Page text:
Empathizing and Not Empathizing
In the popular media, there is significant misunderstanding around what it means to empathize. Most confuse it with feeling what other people are feeling (That’s called emotional contagion.). Many people, like I did, also confuse techniques like active listening as being analogous to empathizing. It isn’t.
Empathizing isn’t something we do, it’s something that happens. It is an event and an experience, when we enter a state of feeling as if we’re connected or at one with an “other.” Reflecting on my mindset at the time, I now clearly see that I was entering a state that made it harder for myself to empathize with my friend. I thought I was empathizing, but I clearly wasn’t.
This isn’t to say that there’s nothing we can do. There are plenty of things we can do. Listening actively is one of them. It’s just that merely listening actively is not always enough.
Looking back, something that greatly surprised me was that once I empathized with her she thanked me.
Why was this surprising?
Because it was not what I thought was worthy of her gratitude.
It took me a significant amount of reflection before I became aware of the fact that my compassion was tied to my own need to make a contribution to her life. Reflection also helped me become aware of a belief I had, which was that to contribute to her life I had to problem solve.
Since I was unaware of how my own needs and beliefs were tied to this, I was so surprised that she didn’t appreciate this. In fact, after several trials, I started to feel indignant of how ungrateful she was of my efforts to help her. Why? Because she was not appreciating what I thought she should appreciate.
In hindsight, I am now more surprised that what I called “caring” meant little more than trying to persuade her. I wanted to get her appreciate what I appreciated. I was trying to manipulate her! Seen this way, I realized that the way I was expressing my compassion and contribution got in the way… of actually contributing to her life.
Such… is what I call the “irony of care.”
Now, let me be clear.
I do not wish to criticize the problem solving mindset.
A problem solving mindset is most certainly appropriate when faced with a problem like so:
1 + 1 = ___
- You cannot influence the problem, which means you cannot be a part of the problem. Thus, it makes no difference that you divide yourself from the problem.
- There’s no ambiguity around what is right/wrong or good/bad. Thus, assuming to have the authority to judge does not imply superiority.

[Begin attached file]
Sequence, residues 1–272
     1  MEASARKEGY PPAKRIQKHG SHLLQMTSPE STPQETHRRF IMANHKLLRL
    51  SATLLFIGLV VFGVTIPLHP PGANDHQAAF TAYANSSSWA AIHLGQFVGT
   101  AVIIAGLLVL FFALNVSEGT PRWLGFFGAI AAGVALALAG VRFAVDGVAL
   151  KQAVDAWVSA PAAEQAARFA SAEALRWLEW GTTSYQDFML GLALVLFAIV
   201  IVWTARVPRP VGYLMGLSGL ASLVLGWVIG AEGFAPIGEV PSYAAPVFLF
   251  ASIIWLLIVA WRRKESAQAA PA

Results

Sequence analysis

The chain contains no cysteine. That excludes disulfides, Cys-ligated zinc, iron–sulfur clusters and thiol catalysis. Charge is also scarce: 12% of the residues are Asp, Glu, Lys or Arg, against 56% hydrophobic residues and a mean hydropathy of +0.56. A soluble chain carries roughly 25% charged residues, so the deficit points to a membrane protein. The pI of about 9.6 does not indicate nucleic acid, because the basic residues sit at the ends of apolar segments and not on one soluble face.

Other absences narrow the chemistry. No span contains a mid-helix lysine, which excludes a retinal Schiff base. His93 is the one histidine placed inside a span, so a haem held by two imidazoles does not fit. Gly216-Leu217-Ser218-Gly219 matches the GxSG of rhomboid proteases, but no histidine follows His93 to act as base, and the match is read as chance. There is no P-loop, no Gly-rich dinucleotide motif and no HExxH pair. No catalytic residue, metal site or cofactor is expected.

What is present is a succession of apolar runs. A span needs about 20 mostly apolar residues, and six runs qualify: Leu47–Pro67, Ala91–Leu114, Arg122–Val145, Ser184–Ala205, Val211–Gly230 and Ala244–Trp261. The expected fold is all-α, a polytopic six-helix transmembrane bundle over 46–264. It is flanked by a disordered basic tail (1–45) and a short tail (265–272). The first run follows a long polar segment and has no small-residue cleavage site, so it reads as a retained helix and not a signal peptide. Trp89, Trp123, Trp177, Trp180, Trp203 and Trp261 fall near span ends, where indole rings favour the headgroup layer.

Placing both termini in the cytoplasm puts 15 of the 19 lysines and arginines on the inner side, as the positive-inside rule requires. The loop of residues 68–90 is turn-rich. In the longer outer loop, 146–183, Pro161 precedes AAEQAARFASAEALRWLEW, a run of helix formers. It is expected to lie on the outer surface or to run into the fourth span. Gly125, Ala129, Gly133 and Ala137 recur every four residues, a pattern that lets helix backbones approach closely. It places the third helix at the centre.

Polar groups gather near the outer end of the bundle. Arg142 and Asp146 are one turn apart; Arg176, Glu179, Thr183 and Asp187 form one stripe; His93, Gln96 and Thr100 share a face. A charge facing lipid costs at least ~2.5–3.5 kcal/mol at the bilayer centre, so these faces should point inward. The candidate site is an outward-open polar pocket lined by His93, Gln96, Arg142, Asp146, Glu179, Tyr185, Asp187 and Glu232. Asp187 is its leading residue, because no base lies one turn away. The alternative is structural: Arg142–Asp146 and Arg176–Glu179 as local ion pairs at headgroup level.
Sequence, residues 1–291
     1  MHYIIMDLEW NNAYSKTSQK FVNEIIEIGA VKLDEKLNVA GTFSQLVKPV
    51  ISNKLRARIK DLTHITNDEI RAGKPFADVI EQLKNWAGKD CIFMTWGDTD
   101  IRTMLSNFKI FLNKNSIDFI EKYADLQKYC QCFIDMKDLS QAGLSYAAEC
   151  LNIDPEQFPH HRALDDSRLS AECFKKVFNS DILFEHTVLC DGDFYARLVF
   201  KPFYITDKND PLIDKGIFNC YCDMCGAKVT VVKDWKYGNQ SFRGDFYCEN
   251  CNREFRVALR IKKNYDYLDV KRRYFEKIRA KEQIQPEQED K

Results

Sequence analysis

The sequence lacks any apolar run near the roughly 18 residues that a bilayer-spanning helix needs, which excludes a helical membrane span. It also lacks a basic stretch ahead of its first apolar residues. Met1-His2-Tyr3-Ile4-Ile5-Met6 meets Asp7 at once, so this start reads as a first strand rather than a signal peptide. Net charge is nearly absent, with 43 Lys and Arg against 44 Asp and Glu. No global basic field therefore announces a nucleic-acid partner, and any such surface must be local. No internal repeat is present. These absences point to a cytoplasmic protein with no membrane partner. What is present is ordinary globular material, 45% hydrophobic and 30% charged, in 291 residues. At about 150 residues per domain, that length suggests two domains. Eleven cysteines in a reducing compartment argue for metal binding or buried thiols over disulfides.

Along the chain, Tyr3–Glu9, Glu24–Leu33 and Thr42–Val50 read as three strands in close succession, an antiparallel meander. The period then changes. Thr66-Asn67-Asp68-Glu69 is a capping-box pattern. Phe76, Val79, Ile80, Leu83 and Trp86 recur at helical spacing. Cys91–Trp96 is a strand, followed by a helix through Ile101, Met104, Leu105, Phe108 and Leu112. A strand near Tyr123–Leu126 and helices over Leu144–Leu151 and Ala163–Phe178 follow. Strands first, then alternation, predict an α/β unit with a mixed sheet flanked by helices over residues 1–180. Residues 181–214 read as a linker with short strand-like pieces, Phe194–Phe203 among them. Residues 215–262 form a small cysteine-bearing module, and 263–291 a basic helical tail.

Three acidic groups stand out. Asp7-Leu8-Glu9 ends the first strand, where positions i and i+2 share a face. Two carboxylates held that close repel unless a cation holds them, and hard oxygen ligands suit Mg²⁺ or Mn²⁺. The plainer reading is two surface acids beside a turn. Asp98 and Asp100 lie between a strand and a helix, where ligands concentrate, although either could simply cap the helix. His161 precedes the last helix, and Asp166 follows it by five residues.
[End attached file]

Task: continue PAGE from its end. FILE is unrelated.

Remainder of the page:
- There is only one solution. Feel free to hold on to it.
Problem solve away if these conditions are met. It is only when these conditions are not met that you need an alternative mindset.
Now that I’m in my 40s, it’s been almost 20 years since the time of the incident with my friend. Yet, I still find this event to be a gift that keeps on giving.
In my work, I frequently work with CEOs who have no choice but to frame employee growth and engagement as a problem to be solved. I also work with employees who have no choice but to frame executive leadership as a problem to be solved. They both inevitably find out that problem solving is ill-suited for the situation. How do they find out? Usually, when the employees don’t grow much or leave and the executives start to burn-out or become even more agitated.
I recently gave a keynote at Cleveland Clinics’s Patient-Experience Summit, where I learned that doctors had framed patient-care as a problem to be solved. The patients, of course, had framed these doctors’ approach to care as a problem to be solved. As a result, not only were patients not getting any better and leaving to other hospitals, but the doctors were burning out as well. They had both learned that problem solving is ill-suited for the situation.
To judge any of these as good/bad or right/wrong misses the point. This is merely what happens naturally when we individually do not have the freedom to choose an alternative mindset to problem solving in the relationship that is giving rise to the problem solving mindset. It is also a natural byproduct of an environment that doesn’t make it any easier for people to empathize with each other.
Learning to choose an alternative mindset or designing an environment that makes it easier for people to empathize with each other is a difficult challenge. Perhaps a way to get us started is to ask ourselves and each other the following question and to answer it in an honest way.
Why do we believe the problem solving mindset is appropriate to our situation?”
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Photo credit to Nicdalic